This story was written in September 2015, around the time a King Cobra went missing in Orlando, Fla.
While trained professionals frantically search the nooks and crannies of Orlando, Fla. in an effort to locate a renegade King Cobra, Ozarkers can sit back and smile with a dose of deja vu. After all, the incident is strikingly similar to Springfield’s cobra scare of 1953 — except, of course, that Springfield’s search was a bit more vigilante-style in what was a horror-movie-come-to-life.
Where did they come from?
When one cobra was found in a Springfield yard on Aug. 15, it didn’t cause much concern. After all, even though cobras aren’t native to Missouri, “anything is possible in the Ozarks,” said Springfield’s health commissioner in an article from 1953.
Springfield’s first report of a cobra didn’t even make the front page of the Springfield Leader and Press.
It wasn’t until other cobras were killed nearby did the bizarre incident turn into a real nightmare. And in the end, at least 11 snakes were found during the three-month ordeal.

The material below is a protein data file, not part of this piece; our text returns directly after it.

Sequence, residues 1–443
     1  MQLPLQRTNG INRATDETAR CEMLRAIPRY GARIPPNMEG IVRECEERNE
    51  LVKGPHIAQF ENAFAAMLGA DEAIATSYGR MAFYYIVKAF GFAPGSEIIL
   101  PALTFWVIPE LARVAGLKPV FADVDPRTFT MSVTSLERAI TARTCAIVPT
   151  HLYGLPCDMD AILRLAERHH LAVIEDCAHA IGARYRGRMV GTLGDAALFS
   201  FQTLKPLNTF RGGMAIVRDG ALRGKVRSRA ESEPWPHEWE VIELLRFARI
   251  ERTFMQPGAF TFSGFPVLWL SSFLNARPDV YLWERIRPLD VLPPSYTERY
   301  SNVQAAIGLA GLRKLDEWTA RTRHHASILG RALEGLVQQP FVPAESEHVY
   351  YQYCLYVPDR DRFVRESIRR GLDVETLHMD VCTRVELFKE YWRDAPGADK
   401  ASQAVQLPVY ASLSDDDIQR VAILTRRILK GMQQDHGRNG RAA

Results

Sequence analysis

Despite Reo Mowrer’s vehement denials, popular belief tied the snakes’ escape to an exotic pet shop he owned on St. Louis Street. Suspicions were further solidified when people saw him, soon after the reptiles disappeared, frantically running about with a snake-catching stick and a large bag.
However, it was decades later before the “how” and “why” came to light. And as it turns out, the epic story was a crime of passion.
“I’m the one that done it,” confessed Carl Barnett to Springfield News-Leader reporter Mike O’Brien in 1988, nearly 35 years after the incident occurred. It was the first time Barnett had told anyone — other than a close friend — that he was the one behind it all.